• MsKat says:

      *giggle* Black-oriented haircare products often smell like food (cocoa butter, coconut, vanilla, citrus)…or incense!

  5. Hilarious but very true post!! There is nothing funkier then some burnt up greased up hair. I must say that since i went natural a few years back my husbands nose STAYS buried in my hair. He is crazy about that Honey Hemp condish so it stays in my cabinet. It needed to be discussed sis. Great Post 🙂
    TheSistahChick recently posted..BFFs Best Friends ForeverMy Profile

  6. SweetT says:

    omg, i’m sooo late. but yes! my guy friend once said that my hair “smells like Christmas”! lol. in fact, a lot of people tell me that my hair smells great. thanks karen’s bb coco lime, and miss jessie’s! 😉 but i definitely remember those relaxer, don’t want to mess up my wrap, days!

  7. Thandi says:

    Ok, you guys have some interesting -and over powering?-hair products over there! Here in South Africa I can’t say I’ve noticed anything like that.The only bad smell was having the perm products put on.But NOW I’ll be on the sniff, I mean, look out!

  8. Loren27 says:

    This post is very interesting and has shed a lot of light on my situation. I always wondered what kind of products african americans used, and now I know. My dilemma is, my coworker has a very “strong smelling” set of locks, and I cant figure out a way to tell her how much it bothers me without hurting her feelings.

    If anyone has suggestions, they would be greatly appreciated!

    She is such a wonderful/sensitive person, I would hate to create an environment that is awkward or uncomfortable.


    • Whoa, you know you have to tread very lightly when it comes to women and their hair!

      Maybe you could say something like, “What do you use on your hair? Oh, I was just wondering ’cause it’s really strong.”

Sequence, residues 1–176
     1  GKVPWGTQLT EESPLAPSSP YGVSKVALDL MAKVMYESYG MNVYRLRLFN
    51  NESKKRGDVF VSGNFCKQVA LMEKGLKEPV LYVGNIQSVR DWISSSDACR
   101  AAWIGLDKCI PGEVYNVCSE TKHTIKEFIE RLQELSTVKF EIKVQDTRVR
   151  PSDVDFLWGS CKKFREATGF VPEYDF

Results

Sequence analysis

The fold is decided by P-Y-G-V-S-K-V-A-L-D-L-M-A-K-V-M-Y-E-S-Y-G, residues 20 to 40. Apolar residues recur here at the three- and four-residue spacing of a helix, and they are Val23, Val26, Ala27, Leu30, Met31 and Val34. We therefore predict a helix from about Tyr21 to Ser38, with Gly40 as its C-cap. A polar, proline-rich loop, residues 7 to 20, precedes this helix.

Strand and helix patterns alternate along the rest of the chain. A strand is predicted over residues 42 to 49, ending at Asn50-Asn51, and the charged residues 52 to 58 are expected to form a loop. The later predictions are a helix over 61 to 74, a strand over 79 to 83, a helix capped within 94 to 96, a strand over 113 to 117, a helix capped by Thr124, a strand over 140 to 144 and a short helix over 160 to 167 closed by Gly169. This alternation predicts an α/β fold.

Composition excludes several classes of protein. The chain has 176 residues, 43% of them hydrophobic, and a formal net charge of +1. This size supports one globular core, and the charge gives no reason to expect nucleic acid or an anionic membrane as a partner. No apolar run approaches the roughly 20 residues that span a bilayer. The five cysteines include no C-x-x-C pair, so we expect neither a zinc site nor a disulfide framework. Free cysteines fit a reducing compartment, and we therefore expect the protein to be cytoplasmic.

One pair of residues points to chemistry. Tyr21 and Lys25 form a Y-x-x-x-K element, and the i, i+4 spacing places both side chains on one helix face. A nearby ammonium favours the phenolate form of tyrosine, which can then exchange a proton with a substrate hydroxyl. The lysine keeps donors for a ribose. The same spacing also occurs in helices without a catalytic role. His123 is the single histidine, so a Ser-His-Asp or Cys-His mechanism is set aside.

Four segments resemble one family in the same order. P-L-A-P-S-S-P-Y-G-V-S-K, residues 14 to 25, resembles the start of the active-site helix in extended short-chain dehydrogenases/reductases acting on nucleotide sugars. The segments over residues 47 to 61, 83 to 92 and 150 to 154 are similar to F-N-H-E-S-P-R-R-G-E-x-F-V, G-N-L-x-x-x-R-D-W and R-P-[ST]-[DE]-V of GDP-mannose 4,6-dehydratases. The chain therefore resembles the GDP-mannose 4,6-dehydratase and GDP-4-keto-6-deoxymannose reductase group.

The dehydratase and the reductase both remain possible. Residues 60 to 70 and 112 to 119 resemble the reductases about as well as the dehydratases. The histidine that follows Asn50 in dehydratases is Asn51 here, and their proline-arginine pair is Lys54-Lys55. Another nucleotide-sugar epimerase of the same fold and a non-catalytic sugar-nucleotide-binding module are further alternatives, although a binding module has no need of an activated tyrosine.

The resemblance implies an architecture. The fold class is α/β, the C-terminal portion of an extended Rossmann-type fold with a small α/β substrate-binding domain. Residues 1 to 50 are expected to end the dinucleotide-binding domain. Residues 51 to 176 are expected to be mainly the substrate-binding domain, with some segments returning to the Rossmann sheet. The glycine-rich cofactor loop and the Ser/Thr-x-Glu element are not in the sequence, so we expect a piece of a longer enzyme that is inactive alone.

*NHBG is not a shrink. NHBG is not responsible for any bruises, punches or flat tires that may result from use of said advice*

  9. yuajah says:

    I just mentioned this to a friend of mine recently. I told him I didnt want people to be able to predict how my hair smells by my ethnicity…without even knowing me. Sorry but I find many jamaican women (which I am) smell like hair oil, and lotion…sometimes its just too much…or how about when that person has spent the day in the sun, with all those products in the hair on the skin…then they sit down beside you on the bus…not a nice smell…anyway…black people we need to be aware…and cool it on the hair products…or get somebody to smell you and tell you the truth before you leave the house….is it too much? do you smell bad? ask a friend.

  10. You need a disclaimer on your blog to let people know that they should not read this when they are at work pretending to actually work.

    I loved this post!

  11. Di says:

    This is sooo true and too funny!!!

    I wrote a post about growing up with a killer afro in a completely white community. Check it out if you have the time–-india-arie/

    Di recently posted..Boo-ism’sMy Profile

  12. Camisha says:

    My hair used to smell like sulfur 8. LOLOLOL!! But now it usually smells like peppermint!

  13. boris says:

    i disagree with this article! (The title can be seen as racist, no?)
    so i should give my opinion here:
    I am a white guy and i love smelling hair of any girl. My ex girlfriends are mostly black.. and love the smell of all. The last one even had dreads, she smelled so good!!!!! i loved so much the combination of pheromones, oils, butter she put and other molecules.

    Bad smells are cooking and cigaret smells that stay in your hair. That’s all i can think about now.
    Thanks for reading